What A Slum Village Taught Me
About Real Community
After living in New York for so many years, my partner of 24 years felt called by God to do mission work. He is an Episcopal Priest and being Filipino had witnessed the rampant poverty in the Philippines where he grew up.
Being a Christian myself, I agreed that we needed to follow the Lord in action and decided mission work was something we both could and needed to do.
So our lives changed.
My partner moved on a few months earlier before me to the Philippines and met with the Bishop of the Episcopal Diocese of the Central Philippines and offered his services, requesting to work with poor churches in the slums. They accepted his offer and he was assigned to serve as a priest for a slum church that originally met under a mango tree.
The village is made up of families mostly living in makeshift shacks of aluminum siding, cinder blocks and plywood with tarp roofs and dirt floors. Garbage is everywhere, families sleep together in one room and for many little hope of ever getting out of there.
He held Sunday church services in their community center that doubled as a school classroom.
When I was able to join my partner later in the year, I saw the village for the first time and was struck by the level of poverty that these people had to live in.
The homes of some of the families are no bigger than some kitchens or bathrooms in America. They get their water from a well in the village. Some people have electricity while others do not. There is garbage everywhere and much of it embedded in the ground under their feet. Some of the homes have only 2 walls and are open to the elements. It was an eye opener for me at how these people had to live.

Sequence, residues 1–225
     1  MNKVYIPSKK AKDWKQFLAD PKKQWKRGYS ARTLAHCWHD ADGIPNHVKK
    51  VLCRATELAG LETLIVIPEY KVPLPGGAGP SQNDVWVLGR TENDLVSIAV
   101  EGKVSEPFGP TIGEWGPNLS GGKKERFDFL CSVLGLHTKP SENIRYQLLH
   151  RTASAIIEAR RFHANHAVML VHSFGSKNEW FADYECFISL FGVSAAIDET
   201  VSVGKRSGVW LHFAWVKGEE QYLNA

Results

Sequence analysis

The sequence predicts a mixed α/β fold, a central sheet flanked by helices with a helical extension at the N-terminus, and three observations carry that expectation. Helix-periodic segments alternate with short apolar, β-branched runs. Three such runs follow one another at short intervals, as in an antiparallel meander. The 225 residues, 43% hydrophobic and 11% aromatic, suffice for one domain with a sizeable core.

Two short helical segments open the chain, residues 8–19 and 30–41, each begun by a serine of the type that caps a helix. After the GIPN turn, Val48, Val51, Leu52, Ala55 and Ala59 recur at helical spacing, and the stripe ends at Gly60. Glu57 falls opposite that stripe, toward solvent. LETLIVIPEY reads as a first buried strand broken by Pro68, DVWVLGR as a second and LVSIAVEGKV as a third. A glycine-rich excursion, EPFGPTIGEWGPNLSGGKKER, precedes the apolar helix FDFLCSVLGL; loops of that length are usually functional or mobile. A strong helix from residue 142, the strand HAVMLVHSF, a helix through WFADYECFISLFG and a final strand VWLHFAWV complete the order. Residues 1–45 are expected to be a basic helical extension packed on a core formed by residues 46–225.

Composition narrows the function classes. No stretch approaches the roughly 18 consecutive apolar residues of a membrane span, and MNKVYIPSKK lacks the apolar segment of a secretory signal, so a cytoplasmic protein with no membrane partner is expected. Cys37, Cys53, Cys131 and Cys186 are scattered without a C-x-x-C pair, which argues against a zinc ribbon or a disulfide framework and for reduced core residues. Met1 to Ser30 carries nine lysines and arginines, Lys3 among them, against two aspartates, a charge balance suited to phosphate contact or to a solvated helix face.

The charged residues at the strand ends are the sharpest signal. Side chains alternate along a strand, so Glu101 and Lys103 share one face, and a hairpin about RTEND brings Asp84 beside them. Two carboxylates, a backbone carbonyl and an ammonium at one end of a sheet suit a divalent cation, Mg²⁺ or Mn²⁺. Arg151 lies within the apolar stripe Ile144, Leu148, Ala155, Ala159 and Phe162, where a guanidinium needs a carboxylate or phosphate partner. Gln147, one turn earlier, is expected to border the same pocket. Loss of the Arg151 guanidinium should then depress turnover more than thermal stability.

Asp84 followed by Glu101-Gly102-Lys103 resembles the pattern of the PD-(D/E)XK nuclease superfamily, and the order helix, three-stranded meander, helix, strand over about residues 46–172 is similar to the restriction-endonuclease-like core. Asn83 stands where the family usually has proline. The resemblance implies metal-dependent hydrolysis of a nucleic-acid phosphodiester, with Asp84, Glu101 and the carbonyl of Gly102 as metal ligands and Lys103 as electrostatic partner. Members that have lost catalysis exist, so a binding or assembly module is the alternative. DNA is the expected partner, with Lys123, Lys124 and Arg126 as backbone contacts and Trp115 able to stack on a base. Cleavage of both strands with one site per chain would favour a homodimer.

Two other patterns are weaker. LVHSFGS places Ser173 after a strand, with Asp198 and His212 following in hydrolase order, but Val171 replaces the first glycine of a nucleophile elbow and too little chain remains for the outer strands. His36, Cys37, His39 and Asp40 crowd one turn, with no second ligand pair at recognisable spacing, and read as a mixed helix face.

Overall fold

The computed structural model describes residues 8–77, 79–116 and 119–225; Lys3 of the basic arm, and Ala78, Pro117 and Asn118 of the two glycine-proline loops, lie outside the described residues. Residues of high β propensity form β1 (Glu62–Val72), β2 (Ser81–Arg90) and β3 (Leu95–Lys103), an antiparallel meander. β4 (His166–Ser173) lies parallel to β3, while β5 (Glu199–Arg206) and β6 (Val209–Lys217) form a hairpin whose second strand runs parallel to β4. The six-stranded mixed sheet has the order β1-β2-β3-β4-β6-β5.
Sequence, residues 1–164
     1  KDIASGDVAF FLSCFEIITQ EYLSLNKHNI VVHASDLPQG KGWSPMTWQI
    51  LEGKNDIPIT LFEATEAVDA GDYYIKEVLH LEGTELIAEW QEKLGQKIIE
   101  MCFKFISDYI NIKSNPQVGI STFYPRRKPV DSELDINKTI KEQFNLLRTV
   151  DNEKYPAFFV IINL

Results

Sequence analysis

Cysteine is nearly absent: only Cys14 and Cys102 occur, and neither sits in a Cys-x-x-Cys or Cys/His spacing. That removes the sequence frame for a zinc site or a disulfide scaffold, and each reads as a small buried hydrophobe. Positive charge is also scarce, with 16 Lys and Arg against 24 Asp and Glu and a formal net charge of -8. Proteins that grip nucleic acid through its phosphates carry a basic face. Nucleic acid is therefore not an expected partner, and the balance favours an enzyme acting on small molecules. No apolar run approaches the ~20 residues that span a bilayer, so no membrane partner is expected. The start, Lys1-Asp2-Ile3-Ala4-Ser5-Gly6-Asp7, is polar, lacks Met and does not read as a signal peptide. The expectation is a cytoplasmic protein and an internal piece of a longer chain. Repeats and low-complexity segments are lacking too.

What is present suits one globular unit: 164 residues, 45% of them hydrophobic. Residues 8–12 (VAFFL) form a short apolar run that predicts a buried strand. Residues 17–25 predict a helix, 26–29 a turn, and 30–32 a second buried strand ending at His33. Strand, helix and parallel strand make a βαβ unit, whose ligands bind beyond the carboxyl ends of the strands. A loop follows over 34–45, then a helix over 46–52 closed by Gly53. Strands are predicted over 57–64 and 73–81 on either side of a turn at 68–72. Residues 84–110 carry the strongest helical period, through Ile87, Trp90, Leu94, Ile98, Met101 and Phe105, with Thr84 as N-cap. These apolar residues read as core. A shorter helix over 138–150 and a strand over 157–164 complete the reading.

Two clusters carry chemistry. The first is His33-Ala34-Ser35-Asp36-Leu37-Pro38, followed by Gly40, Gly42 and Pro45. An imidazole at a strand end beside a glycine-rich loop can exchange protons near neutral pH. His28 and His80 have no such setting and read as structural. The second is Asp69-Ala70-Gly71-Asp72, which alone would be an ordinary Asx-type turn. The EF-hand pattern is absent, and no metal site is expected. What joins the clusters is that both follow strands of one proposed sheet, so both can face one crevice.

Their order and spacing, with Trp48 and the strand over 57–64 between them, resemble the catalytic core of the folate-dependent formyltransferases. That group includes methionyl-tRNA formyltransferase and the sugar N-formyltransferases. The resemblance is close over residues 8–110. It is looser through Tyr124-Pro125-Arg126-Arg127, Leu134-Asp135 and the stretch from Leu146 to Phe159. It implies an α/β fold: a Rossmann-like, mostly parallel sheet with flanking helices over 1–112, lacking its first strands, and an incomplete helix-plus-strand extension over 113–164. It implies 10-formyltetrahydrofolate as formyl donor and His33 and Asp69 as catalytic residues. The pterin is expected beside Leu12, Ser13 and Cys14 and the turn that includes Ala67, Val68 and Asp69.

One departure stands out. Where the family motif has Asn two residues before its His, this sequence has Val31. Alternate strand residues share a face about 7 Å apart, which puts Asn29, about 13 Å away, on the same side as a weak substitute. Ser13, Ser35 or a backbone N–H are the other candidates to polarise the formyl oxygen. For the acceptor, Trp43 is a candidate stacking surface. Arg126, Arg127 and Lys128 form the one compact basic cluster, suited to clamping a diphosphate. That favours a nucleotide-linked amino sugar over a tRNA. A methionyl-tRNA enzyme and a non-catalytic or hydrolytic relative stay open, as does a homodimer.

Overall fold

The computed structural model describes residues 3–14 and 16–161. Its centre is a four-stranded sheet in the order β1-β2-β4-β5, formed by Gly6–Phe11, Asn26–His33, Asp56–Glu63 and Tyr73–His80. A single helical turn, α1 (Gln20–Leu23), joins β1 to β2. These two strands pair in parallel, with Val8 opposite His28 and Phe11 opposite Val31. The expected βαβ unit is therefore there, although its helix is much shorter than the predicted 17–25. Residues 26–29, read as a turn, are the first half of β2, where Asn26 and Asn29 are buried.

Being American, I took for granted the everyday creature comforts I grew up with: electricity, air conditioning, television, glass windows, running water, a working kitchen, a washing machine, a flushable toilet, a shower, privacy, etc.
I also heard that many of the families only have one meal a day. My partner told me one boy said his family could only afford rice flavored with soy sauce.
The first thing that struck me when I first visited the slums was seeing a barefoot 2-year-old boy walking around by himself. “Where is the mother?” I watched as he maneuvered the uneven dirt ground and wandered off. Will he become lost? Will the mother suddenly run out looking for him in a panic? But about 10 minutes later the child came back and went back to where he came from. Later I again saw the boy go out and there were some persons sitting around and I realized that the whole neighborhood knew the child and was keeping an eye on him.
At one church service, I saw a woman carrying a baby and I thought to myself that she must be the mother of the child, but then later another woman was holding that same baby and then on another Sunday, a teenage girl was holding the baby. It was then that I realized that the community all embraced the baby and they all took turns watching and caring for the child while the mother rested or tended to her other children and chores. I was amazed and impressed.